Henry Tudor, the Earl of Richmond, invaded in 1485, landing at Milford Haven. Richard raised his standard at Nottingham and marched to Leicester, where he spent the night at the White Boar, then led his army out along the Roman road towards Mancetter.

Henry meanwhile rested at Shrewsbury and later at Atherstone.

The two protagonists met at the Battle of Bosworth, near Market Bosworth. Richard was betrayed by the Stanleys, his supposed allies, who waited until they saw how the battle was going before changing sides. Richard charged into the heart of the fighting, intent on personally killing his rival, but was himself killed, the last King of England to die in battle. He was still only 32.

His body was carried back to Leicester for burial. Henry knew that there would likely be a strong rumour that he was not really dead, but was licking his wounds before raising an army to regain his crown. This could be stopped by displaying his body in the town where he had been seen alive only days before.

Richard`s body lay in state for three days at the Newarke Church before being buried at the Greyfriars. A later legend claims that his remains were exhumed and thrown into the River Soar. However, this unlikely "fact" was not mentioned by anybody for a hundred years after it is alleged to have happened. His remains are almost certainly still under the site of the Greyfriars, never to be found.

There is now a memorial to him yards away at Leicester Cathedral.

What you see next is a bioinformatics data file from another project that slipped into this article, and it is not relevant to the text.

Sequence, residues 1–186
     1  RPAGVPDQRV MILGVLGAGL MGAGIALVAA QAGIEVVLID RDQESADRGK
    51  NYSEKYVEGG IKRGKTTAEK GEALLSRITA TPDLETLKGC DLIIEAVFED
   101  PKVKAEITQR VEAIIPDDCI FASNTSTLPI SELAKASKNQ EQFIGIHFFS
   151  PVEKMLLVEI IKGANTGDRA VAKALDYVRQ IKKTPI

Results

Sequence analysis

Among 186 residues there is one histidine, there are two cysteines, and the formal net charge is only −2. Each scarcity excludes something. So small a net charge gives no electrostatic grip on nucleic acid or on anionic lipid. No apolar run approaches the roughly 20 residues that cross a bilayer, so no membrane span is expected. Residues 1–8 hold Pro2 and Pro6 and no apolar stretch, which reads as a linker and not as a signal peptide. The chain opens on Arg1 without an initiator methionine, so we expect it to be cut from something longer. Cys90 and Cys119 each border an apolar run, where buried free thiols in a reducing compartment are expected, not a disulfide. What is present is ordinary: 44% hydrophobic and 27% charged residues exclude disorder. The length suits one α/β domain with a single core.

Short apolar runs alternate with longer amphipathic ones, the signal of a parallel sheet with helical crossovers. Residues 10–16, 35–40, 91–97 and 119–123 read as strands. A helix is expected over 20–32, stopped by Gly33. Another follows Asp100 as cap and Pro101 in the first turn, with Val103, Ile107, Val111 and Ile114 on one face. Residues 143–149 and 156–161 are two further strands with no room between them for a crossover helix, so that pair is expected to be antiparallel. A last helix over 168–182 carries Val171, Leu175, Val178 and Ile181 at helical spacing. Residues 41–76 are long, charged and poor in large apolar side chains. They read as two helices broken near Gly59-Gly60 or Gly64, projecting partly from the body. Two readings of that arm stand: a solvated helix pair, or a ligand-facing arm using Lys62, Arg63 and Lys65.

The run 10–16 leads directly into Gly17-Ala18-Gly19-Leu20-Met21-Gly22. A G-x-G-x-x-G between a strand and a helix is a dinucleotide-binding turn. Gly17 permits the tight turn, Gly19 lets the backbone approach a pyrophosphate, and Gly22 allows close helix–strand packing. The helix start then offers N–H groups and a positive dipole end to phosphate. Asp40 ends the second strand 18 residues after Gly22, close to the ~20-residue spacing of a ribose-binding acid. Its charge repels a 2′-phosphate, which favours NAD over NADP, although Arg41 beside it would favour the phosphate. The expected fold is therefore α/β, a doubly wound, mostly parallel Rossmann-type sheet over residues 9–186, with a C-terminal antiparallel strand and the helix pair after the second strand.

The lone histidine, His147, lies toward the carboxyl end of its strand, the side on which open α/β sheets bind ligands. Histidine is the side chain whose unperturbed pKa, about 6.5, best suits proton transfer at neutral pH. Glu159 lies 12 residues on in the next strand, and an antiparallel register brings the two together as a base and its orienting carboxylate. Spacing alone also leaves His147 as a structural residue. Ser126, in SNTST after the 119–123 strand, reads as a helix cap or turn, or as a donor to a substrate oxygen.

Richard was not a perfect man, and no doubt did things which today we would regard as reprehensible. But he was a mediaeval king, and all mediaeval kings acted in that way.

It is quite obvious why chroniclers in the Tudor period depicted him as evil. What is not quite so clear is why they should show him as physically deformed. The answer is that at that time it was generally believed that a physical deformity was undeniable evidence of a moral deficiency, as it was God`s punishment for being a wicked person.

The Richard III Society is dedicated to restoring this much maligned young king`s name.

Moreover, the City of York, where the corporation put out a statement of sorrow as soon as news of his death reached them, still mourns him.

Richard and Anne had one child. Edward, Prince of Wales was born at Middleham Castle in 1476. He died at Middleham in 1484 and was buried at Sherriff Hutton Church.

He also had a number of illegitimate children, by unknown mothers.

John of Pontefract, Captain of Calais, was born in 1470 and murdered in 1499.

Richard was born in 1469. He worked in obscurity as a tutor for a family in Kent and died in 1550, being buried at Eastwell Church.

Katherine married William Herbert, Earl of Huntingdon.

Nothing further is known about Stephen Hawes and three unnamed children.